‘Really enjoyed it. Lots of insight into/memories of 70s life (not sorry to have left that behind!!). Very interesting to learn more about your co-stars, and the other people involved in creating the film – my original discovery of your blog was having watched the film, and wondering “where are they now?” That question is comprehensively answered!! Also very interesting to learn about the process of film-making – we take so much for granted with digital video cameras these days. I guess for me the whole thing about learning about you, Suzanna, Lesley etc as people is what most interests me from a human point of view – kind of much the same as learning about the Altounyans and Collingwoods in Hardyment’s book.’  Paul Fernandez.

‘Lovely to meet you in Ambleside, It was a great evening. Book and DVD are brilliant.’ Ali Graham

‘I matched your book to the DVD and the two made a really good present, even though I say so myself!’ Barry Burles
.

Nancy and Peggy on Wild Cat Island

To read more, please click here for reviews on the Amazon UK site

All photos (c) StudioCanal, reflecting the quality of the digitally restored blu-ray. To see official stills from the film please click here.

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Filed under Acting, Autobiography, Biography, Cumbria, Film History, Memoir, Movie stories, Sophie Neville, Swallows and Amazons, truelife story

Questions I’m asked at cinema screenings of Swallows & Amazons (1974)

Over the next few days I am going to be giving Q&A sessions at cinemas screening StudioCanal’s newly restored version of Richard Pilbrow’s movie ‘Swallows & Amazons’ (U) to celebrate the 40th anniversary of the film’s release in 1974.

Ronald Fraser walking the plankSten Grendon, Simon West, Suzanna Hamilton and Sophie Neville as the Swallows making Ronald Fraser walk the plank. Where are the Amazons?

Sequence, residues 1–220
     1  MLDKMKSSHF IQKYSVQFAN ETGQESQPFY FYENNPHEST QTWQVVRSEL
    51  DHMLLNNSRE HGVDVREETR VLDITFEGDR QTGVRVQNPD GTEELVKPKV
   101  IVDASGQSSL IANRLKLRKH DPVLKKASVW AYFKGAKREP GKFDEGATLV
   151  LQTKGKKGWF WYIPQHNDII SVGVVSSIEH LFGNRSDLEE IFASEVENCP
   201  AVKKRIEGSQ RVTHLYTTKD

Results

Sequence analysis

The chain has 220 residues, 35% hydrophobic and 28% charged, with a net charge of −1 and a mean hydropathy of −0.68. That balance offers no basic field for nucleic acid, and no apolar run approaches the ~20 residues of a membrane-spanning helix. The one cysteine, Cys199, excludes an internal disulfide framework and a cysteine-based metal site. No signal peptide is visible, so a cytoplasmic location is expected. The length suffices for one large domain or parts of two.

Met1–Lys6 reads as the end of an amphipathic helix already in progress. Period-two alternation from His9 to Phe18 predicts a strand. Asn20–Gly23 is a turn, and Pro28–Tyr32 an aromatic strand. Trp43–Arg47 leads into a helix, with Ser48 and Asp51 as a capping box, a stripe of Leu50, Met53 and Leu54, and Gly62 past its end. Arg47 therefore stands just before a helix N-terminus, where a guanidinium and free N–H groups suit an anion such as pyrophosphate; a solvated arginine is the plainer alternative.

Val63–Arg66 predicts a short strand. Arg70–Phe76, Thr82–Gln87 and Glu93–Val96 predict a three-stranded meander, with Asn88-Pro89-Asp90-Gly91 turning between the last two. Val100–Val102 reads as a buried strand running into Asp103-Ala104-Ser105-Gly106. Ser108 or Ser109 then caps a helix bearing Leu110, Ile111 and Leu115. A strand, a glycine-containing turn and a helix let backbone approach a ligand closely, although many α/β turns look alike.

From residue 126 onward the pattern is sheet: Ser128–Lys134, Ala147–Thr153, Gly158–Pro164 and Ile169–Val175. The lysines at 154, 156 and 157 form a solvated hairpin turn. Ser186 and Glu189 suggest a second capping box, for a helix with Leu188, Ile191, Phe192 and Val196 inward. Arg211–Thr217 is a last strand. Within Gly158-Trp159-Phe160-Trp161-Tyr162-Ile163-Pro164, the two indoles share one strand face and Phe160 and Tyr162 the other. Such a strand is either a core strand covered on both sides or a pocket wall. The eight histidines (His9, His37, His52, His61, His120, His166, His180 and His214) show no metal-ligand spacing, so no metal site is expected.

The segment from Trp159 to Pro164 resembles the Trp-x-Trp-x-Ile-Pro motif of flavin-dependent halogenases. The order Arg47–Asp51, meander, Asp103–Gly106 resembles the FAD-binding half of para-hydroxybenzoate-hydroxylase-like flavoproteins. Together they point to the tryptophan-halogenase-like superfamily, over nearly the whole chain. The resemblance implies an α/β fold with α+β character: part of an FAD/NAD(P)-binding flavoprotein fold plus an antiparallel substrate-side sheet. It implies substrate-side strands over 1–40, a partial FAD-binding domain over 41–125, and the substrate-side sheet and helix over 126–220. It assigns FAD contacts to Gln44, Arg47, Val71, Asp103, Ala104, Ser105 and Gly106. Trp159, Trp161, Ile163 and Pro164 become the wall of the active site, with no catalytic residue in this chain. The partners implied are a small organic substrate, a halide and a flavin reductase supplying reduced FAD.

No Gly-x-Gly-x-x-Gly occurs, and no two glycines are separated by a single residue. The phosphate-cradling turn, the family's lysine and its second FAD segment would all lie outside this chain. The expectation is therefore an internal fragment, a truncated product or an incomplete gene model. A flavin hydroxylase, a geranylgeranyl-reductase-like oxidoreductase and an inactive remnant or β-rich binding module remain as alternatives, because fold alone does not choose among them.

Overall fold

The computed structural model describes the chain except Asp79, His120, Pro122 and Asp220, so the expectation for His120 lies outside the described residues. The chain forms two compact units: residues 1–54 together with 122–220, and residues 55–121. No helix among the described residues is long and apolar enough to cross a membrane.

If you can come, please do bring a question. I am always very interested in those asked by the children. They can be quite difficult to answer:

‘What did it feel like to be alone on the island?’

Titty alone on Wildcat IslandTitty leaving her tent on Wild Cat Island

‘Where you really able to keep the parrot?’

swa_bw_neg_ 021 Kit Seymour with Sophie Neville  and Polly in the Houseboat

‘How long did it take to film?’ is another question I am often asked. The answer is quite complicated.

Then I ask,  ‘Would you like to know about the mistake I made?’

swa_bw_neg_ 043The crew of the Swallow leaving Holly Howe 

I started singing, ‘Adieu and Farewell’, when the sea shanty Spanish Ladies is always sung: ‘Farewell and Adieu…

Farewell and adieu to you fair Spanish ladies, 
Farewell and adieu to you, ladies of Spain;
For we’re under orders
For to sail to old England,
And we may ne’er see you fair ladies again.
We’ll rant and we’ll roar, like true British sailors,
We’ll range and we’ll roam all on the salt seas;
Until we strike soundings
In the Channel of old England,
From Ushant to Scilly ’tis thirty-five leagues.

swa_bw_neg_ 042Virginia McKenna watches the Swallows sail from the jetty at Bank Ground Farm on Coniston Water. Can you spot the safety officer – a frogman just visible right of shot?

I noticed that one inconsistency made by the design team was that the swallow flew down our flag whereas it always flies up Swallow’s burgee in Arthur Ransome book illustrations. I count it as a subtle differentiation that I reproduce whenever I draw the crossed flags myself.